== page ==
Is it too late to buy into the commodity supercycle thesis? The latest BoA Global Fund Manager survey shows that respondents have moved to a crowded long position in commodities. Many analysts have also hopped on the commodity supercycle train, myself included (see How value investors can play the commodity supercycle).
As a cautionary note, one reader alerted me to a well-reasoned objection on the commodity supercycle thesis.
Much depends on China demand
China watcher Michael Pettis raised his objections in a Twitter thread
. Simply put, a secular commodity bull doesn’t make sense from the demand side. Much depends on Chinese growth remaining at the current unsustainable levels.
I wonder if they’ve thought through the systemic implications. Given China’s disproportionate share of demand (50% or more of global production of major industrial metals, for example), to predict a new supercycle of rising commodity prices is effectively the same as predicting that China will run another decade or two of 4-6% GDP growth, driven mainly by surging infrastructure and real-estate investment. This in turn implies that China’s debt-to-GDP ratio will rise from 280% today to at least 400-450%.
This strikes me as pretty unlikely. For those who might argue that “all it would take” is for India to begin to replicate China’s growth story of the past four decades, it would take at least 15-20 years of replicating China before India were big enough to matter to anywhere near the same extent.
Pettis concede that we could see a cyclical recovery, but expectations of a secular bull are overblown.
We could of course get a temporary rise in hard-commodity prices as US infrastructure spending kicks in (although this year I expect Chinese hard-commodity consumption to drop temporarily) , but most of the variation in demand depends ultimately on what happens in China, and of course the more hard commodity prices rise because of non-Chinese factors, the harder it will be – and the faster debt must rise – to maintain the needed Chinese growth rate.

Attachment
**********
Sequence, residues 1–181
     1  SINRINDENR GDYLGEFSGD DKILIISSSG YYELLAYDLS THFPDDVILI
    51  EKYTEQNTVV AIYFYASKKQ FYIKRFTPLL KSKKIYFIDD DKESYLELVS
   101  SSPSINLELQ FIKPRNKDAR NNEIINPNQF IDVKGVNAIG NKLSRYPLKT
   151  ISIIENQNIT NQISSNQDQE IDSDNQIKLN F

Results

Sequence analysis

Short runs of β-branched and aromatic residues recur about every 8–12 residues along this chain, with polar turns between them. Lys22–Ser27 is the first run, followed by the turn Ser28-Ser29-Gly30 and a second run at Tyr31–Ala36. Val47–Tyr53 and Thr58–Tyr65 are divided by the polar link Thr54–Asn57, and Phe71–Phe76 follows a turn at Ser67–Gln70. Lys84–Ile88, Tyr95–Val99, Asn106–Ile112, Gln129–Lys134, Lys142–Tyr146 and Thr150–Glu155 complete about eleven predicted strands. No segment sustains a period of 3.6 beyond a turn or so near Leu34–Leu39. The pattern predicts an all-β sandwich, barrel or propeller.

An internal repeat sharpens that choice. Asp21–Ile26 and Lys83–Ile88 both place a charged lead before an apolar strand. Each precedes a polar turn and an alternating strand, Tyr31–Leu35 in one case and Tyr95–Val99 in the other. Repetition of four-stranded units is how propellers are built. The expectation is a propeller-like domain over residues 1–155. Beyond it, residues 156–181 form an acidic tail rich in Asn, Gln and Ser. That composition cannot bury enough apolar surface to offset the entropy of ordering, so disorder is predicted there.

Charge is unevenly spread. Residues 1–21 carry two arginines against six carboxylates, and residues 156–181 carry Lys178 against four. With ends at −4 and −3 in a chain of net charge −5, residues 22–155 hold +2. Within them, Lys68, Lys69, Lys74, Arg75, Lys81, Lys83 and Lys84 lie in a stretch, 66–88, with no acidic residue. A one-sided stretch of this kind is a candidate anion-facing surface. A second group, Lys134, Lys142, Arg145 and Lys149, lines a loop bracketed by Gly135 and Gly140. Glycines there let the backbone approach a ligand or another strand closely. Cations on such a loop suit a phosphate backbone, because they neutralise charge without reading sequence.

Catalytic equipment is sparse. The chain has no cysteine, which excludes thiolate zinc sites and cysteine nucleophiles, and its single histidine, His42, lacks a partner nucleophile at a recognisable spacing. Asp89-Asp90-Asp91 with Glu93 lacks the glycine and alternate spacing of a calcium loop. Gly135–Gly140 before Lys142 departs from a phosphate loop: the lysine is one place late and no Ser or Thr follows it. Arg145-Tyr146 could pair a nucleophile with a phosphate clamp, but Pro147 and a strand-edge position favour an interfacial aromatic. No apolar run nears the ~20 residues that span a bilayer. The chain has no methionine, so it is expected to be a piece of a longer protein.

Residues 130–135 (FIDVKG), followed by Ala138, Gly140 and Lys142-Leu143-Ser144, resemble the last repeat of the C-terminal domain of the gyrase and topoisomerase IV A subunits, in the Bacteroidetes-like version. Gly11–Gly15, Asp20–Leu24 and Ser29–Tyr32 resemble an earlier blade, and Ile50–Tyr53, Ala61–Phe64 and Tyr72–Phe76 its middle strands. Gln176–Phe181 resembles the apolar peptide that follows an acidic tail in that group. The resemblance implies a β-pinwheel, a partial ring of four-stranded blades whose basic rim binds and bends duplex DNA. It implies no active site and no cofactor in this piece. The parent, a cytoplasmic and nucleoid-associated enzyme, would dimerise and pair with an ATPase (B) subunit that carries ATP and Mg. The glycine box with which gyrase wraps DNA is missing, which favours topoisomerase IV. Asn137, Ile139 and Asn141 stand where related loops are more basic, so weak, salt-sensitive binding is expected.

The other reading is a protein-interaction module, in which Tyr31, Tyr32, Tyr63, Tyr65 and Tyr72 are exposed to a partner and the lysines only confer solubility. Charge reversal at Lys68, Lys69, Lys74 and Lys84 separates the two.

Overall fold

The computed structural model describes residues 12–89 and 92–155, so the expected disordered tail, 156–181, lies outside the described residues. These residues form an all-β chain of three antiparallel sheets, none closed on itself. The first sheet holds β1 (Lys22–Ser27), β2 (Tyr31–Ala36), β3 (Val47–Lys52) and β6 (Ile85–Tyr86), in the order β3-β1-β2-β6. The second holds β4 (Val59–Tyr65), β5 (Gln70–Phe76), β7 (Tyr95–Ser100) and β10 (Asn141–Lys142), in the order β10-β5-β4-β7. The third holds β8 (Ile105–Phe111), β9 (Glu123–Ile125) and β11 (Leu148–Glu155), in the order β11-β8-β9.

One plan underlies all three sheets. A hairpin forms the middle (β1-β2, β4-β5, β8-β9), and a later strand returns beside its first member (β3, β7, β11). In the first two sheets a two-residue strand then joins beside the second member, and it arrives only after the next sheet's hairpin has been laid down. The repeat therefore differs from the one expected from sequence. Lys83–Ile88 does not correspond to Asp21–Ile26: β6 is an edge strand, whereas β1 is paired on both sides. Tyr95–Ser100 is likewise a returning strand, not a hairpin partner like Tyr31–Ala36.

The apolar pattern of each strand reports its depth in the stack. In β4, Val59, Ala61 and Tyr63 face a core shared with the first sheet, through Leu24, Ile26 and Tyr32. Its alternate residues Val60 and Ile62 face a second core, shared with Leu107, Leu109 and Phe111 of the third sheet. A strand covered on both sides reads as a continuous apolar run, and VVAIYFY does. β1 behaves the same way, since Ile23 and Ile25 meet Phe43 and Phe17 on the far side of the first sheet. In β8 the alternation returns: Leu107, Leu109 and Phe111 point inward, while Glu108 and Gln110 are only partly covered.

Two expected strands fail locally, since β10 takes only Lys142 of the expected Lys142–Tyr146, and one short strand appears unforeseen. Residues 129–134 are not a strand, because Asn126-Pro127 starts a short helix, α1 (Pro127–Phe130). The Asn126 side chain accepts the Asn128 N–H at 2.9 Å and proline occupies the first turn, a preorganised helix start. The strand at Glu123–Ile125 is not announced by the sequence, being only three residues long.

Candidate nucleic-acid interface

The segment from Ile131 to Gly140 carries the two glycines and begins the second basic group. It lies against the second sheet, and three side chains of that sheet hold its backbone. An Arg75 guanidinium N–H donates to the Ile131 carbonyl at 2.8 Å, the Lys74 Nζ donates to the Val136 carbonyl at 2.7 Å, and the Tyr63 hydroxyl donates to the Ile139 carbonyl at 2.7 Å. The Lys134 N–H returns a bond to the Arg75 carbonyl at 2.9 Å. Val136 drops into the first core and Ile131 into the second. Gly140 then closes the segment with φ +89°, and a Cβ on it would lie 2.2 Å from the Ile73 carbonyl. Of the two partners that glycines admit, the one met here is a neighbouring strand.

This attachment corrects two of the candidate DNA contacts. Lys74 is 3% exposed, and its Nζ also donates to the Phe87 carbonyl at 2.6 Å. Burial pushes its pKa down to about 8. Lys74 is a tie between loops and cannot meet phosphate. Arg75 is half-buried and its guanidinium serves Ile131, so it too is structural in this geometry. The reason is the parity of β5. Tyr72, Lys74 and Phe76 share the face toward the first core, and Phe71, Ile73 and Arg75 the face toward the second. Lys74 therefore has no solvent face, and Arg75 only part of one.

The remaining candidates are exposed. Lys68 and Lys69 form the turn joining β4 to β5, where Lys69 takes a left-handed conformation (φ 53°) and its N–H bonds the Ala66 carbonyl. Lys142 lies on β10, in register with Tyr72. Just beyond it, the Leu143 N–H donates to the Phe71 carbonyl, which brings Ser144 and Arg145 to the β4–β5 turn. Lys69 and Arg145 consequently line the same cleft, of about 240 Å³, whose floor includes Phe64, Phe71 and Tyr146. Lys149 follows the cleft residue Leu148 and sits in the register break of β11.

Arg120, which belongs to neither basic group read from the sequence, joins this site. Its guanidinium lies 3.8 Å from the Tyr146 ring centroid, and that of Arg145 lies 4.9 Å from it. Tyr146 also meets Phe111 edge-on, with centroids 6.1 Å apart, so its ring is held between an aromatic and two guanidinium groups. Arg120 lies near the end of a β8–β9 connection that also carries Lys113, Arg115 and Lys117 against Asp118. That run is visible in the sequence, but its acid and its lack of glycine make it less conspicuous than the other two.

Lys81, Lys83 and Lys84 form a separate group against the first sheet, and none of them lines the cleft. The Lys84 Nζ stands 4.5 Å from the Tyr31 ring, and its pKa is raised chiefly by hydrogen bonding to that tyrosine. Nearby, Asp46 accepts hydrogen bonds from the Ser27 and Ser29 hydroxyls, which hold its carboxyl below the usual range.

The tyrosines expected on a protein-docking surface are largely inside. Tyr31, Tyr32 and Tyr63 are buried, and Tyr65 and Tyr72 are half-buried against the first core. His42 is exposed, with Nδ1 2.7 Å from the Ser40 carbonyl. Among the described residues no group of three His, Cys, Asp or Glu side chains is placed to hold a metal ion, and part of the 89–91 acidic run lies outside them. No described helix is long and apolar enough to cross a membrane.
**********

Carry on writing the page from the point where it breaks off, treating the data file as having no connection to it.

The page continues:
Warren Buffett, commodity bull?
Before abandoning the commodity bullish thesis, investors should consider the recent moves by Berkshire Hathaway (BRK). In August, the company reported that it spent $6.6 billion to purchase positions in five Japanese trading houses. The surprising move was attributed to the low valuations of the trading houses, international diversification, and sector exposure. Specifically, these trading houses offers a window into the cyclical global economy, namely steel, shipping, and commodities. More recently, BRK announced that it bought a $4.1 billion position in Chevron.
These portfolio changes by Warren Buffett and his lieutenants are signals that BRK is buying into cyclical and commodity exposure.
As the chart below shows, the company’s sector bets were timely. Global materials and mining stocks have outperformed the MSCI All-Country World Index (ACWI) since the Japanese purchases were announced. As well, the relative performance of energy stocks appears to be constructive. Global energy is turning up against ACWI, and it is bottoming when compared to the red-hot global mining sector.
Cyclical or secular bull?
I return to the question raised by Pettis. Is this a secular or cyclical commodity bull?
For investors with a 2-3 year horizon, it probably doesn’t matter. The global economy is undergoing a cyclical and reflationary rebound. Conference Board CEO confidence recently reached 17-year highs. Companies are on track to increase their capital spending plans, which translates into high commodity demand.
While there may be some short-term potholes in the road (see No reasons to be bearish?
), this is the start of a new equity bull. Investment-oriented accounts should position themselves accordingly.
I reiterate my view that commodity bulls should look for contrarian opportunities in energy. While the most recent BoA Global Fund Manager Survey showed an excessively long position in commodities, the monthly change indicated that managers bought commodities but sold energy.